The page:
Academic journal article
By Styron, Ronald, Jr.; Disher, Fan
T H E Journal (Technological Horizons In Education) , Vol. 31, No. 3
Two years ago, mandeville high school (http://mandevillehigh.stpsb.org/in in Louisiana purchased a mobile wireless computer lab with grant funds from the state. This lab not only helped improve the writing and research skills of the school's ninth-grade students, but also improved its overall performance score to become one of the highest performing schools in the state.
In actuality, the securing and utilization of the mobile computer lab was the culmination of an ambitious school-wide technology plan spanning four years. A plan that began with 32 computers and a facility needing substantial retrofitting just to meet basic electrical needs. This article will serve as a framework for administrators and teachers who strive to bring curricular technology integration to their students, while also trying to raise school performance scores as related to accountability programming.
Developing a School Technology Plan
The first step in technology integration is developing a long-range plan. A five to 10 member technology committee containing teachers, parents, community members and students should be formed and charged with the task of formulating such a plan--assessing the current status and usage of technology and determining where the school community should be in three years. The committee should also assess the school's infrastructure and basic needs such as electrical considerations, furniture, carts and Internet access. In addition, current hardware, including computers, printers, scanners, projectors, cameras and TVs, as well as software should be inventoried considering age and appropriateness related to future needs.
After this assessment, a projection of where the school wants to go should be made based on curricular needs and how technology can help those requests. It is not uncommon for schools to labor excessively on hardware and software requirements, while forgetting about anticipated plans for their usage and/or how it applies to curricular issues such as accountability-related testing programs. During the development of this plan, resources, including other schools, appropriate literature, and hardware and software companies, should be consulted. Also, as the plan is formulated, the generation of required funds must be considered and should be just as detailed and thought-out as the sections of the technology plan addressing usage. Within our school technology plan, it was deemed necessary to acquire a wireless mobile computer lab to assist with career preparation and help students get ready for state-mandated tests, which comprised part of the overall school performance score. Primarily, a mobile computer lab was needed at the school because there was no room for additional fixed labs.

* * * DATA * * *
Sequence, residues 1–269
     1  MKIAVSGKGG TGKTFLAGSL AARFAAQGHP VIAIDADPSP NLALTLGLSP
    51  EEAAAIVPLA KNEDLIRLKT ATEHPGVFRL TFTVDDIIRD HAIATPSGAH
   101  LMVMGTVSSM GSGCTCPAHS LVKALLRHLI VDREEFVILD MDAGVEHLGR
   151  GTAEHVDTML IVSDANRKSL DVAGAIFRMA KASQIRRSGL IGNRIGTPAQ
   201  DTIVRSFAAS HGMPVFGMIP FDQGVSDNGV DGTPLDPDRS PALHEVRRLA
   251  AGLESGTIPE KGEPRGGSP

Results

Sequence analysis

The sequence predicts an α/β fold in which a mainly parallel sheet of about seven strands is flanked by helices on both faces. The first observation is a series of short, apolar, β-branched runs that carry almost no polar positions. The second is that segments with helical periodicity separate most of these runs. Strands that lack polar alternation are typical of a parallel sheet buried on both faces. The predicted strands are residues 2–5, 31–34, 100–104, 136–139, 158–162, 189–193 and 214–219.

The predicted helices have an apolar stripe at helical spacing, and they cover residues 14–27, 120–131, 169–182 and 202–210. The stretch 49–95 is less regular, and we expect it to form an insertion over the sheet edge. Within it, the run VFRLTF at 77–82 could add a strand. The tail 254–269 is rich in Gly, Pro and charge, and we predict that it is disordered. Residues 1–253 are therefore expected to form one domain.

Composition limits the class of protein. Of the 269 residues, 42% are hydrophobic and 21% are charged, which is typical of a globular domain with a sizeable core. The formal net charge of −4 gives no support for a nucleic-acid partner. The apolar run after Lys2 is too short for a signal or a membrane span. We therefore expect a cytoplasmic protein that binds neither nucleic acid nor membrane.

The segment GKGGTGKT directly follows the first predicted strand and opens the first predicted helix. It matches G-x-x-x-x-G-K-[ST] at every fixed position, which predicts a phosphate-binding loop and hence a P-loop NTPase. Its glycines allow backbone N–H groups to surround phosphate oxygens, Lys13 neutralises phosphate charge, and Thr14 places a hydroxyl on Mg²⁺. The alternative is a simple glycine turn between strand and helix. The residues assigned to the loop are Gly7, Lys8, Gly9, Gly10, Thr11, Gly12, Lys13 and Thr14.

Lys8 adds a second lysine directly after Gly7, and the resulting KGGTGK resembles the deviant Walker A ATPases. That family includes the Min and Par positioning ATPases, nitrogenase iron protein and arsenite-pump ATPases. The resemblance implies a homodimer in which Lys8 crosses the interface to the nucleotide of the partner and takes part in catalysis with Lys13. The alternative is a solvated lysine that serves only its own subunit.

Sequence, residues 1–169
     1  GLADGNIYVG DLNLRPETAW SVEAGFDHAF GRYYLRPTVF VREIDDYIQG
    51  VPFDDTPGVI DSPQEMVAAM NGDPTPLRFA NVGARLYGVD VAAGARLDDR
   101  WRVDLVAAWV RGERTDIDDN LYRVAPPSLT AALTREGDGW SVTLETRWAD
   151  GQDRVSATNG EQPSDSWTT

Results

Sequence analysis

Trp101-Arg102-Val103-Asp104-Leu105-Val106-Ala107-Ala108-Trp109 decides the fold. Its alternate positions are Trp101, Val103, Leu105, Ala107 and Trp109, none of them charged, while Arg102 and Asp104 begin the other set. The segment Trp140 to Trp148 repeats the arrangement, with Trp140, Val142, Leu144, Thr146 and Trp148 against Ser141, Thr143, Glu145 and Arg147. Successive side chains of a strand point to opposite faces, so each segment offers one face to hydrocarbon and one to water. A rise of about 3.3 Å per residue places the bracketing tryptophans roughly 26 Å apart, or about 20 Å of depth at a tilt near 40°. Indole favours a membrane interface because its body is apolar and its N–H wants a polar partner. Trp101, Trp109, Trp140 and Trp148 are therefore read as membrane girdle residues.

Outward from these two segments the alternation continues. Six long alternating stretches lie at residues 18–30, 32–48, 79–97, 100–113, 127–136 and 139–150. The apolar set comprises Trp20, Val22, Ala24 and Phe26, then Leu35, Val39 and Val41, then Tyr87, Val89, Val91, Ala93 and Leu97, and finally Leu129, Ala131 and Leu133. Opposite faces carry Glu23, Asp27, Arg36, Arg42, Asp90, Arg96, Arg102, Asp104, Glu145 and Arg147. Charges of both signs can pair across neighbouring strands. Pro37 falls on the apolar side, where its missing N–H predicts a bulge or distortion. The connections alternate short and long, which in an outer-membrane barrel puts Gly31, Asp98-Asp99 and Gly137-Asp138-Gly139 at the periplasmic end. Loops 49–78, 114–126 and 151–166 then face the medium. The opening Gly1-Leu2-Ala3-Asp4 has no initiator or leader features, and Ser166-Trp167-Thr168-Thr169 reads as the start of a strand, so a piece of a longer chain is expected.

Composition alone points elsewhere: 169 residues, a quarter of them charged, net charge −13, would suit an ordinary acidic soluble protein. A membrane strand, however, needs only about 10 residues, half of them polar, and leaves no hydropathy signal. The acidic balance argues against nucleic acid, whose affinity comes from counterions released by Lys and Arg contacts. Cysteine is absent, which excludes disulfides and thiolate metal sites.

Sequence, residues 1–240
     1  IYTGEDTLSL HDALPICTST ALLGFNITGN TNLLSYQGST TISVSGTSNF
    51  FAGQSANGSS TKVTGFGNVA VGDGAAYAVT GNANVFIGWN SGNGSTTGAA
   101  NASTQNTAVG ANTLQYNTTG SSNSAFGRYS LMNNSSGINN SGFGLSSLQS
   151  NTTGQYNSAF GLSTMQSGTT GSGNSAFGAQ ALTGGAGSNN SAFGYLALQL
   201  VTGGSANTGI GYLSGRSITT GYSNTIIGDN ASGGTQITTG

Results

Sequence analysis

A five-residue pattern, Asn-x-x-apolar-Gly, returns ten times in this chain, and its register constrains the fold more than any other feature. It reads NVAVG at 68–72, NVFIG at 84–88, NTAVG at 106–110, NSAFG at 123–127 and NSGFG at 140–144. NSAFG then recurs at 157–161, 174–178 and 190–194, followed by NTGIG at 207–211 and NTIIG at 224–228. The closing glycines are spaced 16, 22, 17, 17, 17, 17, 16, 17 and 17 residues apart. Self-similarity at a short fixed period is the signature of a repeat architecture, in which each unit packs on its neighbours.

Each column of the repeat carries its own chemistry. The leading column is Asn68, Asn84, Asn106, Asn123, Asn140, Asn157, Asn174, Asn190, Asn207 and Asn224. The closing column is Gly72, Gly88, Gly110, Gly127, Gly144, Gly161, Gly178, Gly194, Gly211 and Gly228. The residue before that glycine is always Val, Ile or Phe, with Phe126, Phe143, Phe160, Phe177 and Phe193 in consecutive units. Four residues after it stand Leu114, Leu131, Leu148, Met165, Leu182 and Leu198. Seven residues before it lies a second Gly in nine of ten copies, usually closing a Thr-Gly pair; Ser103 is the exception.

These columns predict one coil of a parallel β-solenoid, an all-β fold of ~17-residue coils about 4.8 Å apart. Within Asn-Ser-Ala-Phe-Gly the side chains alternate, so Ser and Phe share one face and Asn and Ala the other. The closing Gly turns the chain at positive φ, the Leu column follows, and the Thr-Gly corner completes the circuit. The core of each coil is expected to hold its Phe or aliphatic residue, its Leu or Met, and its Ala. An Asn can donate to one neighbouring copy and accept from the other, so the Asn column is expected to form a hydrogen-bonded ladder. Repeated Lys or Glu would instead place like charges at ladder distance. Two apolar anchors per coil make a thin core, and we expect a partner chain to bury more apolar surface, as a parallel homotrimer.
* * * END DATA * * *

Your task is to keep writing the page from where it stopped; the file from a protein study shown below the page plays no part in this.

Strengthening Academic Weaknesses
Project CREATE (Careers, Research and Exploration, Application, and Technology Education) was designed to use wireless technology as a catalyst to integrate computer application skills into the writing process with an emphasis on research for future careers. A major goal of the project was to improve the lifelong skills of technology usage and writing of ninth-graders.
Project CREATE focused on careers, while giving students the technology, research and writing experiences necessary to help create their futures. The project sought to produce students who were critical thinkers, independent problem-solvers, as well as information seekers and processors. It also sought to cultivate students who were more aware of the career options available to them, as well as the skills and coursework necessary to pursue those careers. Overall, there were more than 365 regular and special needs ninth-graders impacted by this project.
Project CREATE was implemented through the addition of a mobile computer lab containing 32 wireless, networked laptop computers to the instructional environment of the school. …